PhotoThe National Institutes of Health (NIH) has released two new fact sheets to help consumers determine which dietary supplements are safe and effective.

The first fact sheet lists supplements that are promoted to improve exercise and athletic performance, while the second fact sheet lists supplements for weight loss.

In each database, the NIH describes what is known about the effectiveness and safety of many ingredients in the products.

Fitness supplements

Sellers of fitness supplements -- which are sometimes called “ergogenic aids” -- may claim that their products improve strength or endurance, increase exercise efficiency, help to achieve a performance goal more quickly, and increase tolerance for more intense training.

"Dietary supplements marketed for exercise and athletic performance can't take the place of a healthy diet, but some might have value for certain types of activity," Paul Coates, director of the Office of Dietary Supplements (ODS) at the NIH, said in a statement. "Others don't seem to work, and some might even be harmful."

In this fact sheet, the NIH aims to cut through the confusion by giving a rundown of the science available on more than 20 ingredients found in fitness supplements. Antioxidants, beetroot, tart cherry, branched-chain amino acids, caffeine, creatine, and protein are just a few of the most common.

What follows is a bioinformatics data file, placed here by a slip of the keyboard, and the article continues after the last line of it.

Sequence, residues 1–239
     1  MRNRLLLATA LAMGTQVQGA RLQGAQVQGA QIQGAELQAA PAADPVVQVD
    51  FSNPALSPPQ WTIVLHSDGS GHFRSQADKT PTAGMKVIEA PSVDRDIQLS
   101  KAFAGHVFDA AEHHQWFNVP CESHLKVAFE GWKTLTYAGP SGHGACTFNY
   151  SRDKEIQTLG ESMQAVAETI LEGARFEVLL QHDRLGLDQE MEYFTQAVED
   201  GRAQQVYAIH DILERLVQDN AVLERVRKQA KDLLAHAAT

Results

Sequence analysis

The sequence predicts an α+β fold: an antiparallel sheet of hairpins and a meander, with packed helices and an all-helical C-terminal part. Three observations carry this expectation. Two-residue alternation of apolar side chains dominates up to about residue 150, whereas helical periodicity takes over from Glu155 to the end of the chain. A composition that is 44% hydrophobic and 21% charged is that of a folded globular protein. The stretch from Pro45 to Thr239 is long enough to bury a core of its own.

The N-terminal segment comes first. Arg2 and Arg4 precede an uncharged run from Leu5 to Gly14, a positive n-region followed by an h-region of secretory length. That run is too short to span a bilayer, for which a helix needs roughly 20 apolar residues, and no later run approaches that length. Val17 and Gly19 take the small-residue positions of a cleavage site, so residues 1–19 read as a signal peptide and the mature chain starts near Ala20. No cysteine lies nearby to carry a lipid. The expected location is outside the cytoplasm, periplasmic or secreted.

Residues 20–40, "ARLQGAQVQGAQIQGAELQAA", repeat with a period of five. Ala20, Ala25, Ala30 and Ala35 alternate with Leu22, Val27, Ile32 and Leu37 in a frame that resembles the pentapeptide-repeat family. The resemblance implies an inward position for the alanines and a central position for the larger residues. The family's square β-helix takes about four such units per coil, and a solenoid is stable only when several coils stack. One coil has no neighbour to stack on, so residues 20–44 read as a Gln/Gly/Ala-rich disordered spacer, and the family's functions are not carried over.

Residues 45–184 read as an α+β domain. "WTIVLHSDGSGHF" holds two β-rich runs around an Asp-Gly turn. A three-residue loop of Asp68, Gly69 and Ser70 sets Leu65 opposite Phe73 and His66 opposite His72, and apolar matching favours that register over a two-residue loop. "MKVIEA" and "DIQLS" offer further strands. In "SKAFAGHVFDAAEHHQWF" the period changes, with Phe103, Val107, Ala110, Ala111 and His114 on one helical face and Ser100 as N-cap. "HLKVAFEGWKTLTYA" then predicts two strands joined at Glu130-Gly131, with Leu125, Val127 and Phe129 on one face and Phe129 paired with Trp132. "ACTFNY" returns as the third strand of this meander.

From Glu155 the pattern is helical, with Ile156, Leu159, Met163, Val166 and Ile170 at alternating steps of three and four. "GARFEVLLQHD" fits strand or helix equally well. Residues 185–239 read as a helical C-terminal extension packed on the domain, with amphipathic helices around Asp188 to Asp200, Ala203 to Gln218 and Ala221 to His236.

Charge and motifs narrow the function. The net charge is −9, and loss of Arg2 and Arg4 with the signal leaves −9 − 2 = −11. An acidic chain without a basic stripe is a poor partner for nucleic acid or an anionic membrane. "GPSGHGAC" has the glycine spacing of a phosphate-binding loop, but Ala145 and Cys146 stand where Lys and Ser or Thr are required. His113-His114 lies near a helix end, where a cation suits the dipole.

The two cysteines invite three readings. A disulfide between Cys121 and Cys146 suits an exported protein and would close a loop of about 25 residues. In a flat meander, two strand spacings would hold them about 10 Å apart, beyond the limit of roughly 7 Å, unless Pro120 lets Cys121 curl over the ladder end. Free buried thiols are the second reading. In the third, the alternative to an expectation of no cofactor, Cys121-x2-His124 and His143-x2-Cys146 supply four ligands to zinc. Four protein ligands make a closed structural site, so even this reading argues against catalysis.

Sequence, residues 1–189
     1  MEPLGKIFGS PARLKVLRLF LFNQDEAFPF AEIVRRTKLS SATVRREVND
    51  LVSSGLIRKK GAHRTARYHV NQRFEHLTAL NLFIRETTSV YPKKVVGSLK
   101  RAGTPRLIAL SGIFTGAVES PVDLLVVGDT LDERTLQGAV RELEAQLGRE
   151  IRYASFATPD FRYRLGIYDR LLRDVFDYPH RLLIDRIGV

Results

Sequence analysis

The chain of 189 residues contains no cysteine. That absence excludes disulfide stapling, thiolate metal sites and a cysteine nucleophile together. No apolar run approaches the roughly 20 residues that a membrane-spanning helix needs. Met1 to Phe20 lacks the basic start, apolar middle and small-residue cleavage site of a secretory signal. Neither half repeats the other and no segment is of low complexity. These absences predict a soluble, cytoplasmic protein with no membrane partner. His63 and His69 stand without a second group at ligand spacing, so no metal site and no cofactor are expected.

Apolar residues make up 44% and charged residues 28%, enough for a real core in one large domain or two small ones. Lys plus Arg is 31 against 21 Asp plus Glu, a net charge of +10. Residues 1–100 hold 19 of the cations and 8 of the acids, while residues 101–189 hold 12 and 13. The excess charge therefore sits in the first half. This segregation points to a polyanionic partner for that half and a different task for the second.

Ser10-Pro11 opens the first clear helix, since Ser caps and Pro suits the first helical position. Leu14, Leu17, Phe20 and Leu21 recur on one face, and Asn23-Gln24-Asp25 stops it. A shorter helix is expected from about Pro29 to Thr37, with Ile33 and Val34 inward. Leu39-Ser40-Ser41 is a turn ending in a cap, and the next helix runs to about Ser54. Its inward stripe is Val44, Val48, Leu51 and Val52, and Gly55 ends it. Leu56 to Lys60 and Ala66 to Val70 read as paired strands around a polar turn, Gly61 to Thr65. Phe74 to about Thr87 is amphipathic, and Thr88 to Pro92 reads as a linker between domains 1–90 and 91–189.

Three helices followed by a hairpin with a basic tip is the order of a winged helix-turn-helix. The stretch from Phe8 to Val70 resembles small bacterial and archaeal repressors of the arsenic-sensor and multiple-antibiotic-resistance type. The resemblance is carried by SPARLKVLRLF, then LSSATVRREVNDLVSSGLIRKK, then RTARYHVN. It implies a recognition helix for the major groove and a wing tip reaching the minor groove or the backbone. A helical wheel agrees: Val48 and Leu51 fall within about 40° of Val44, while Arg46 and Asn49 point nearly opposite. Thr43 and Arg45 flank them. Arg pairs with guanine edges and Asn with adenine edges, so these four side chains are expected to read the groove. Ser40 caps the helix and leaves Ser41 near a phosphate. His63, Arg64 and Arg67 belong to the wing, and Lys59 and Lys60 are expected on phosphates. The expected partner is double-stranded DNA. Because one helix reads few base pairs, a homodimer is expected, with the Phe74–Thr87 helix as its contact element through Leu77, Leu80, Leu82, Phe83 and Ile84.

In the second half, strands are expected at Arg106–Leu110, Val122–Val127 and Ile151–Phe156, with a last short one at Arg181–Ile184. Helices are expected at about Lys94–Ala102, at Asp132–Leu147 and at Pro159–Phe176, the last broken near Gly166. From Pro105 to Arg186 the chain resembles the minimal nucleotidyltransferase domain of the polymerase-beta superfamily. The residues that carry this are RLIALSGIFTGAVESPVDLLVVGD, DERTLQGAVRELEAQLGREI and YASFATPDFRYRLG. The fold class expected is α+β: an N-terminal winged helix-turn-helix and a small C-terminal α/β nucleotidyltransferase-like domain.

While creatine might be helpful in specific circumstances -- like “short bursts of high-intensity activity like sprinting or weight lifting,” the NIH says it won’t help for endurance efforts like distance running or swimming.

Similarly, drinking beetroot juice might improve aerobic exercise performance, but there’s no scientific evidence that supplements containing beetroot powder have the same effect.

Weight loss supplements

When it comes to dietary supplements for weight loss, consumers have plenty of options to choose from. However, some weight loss supplements contain ineffective or unsafe ingredients.

The NIH says its list of dietary supplements for weight loss is intended to help consumers navigate the “confusing set of options in the marketplace.”

"Americans spend over $2 billion a year on dietary supplements promoted for weight loss, but there's little evidence they actually work," said Dr. Anne L. Thurn, director of the ODS Communications Program. "People may not know that many manufacturers of weight-loss supplements don't conduct studies in humans to find out whether their product works and is safe.”

This new resource provides details on more than 24 ingredients commonly found in weight loss supplements, including green tea extract, capsaicin, chromium, garcinia, hoodia, and raspberry ketones.

Chromium, for example, is safe and might help you lose a very small amount of weight and body fat. However, the agency says raspberry ketones haven't been studied enough to know whether they're safe or effective.

And while it’s safe to enjoy a cup of green tea, you’re better off avoiding green-tea extract pills. The NIH notes that green-tea extract has been linked to liver damage in some people. Bitter orange also carries safety warnings.

The NIH urges consumers to talk with their healthcare provider before taking a dietary supplement to lose weight or improve fitness, especially if they have a medical condition or are taking any other medication that might interact with the supplement.


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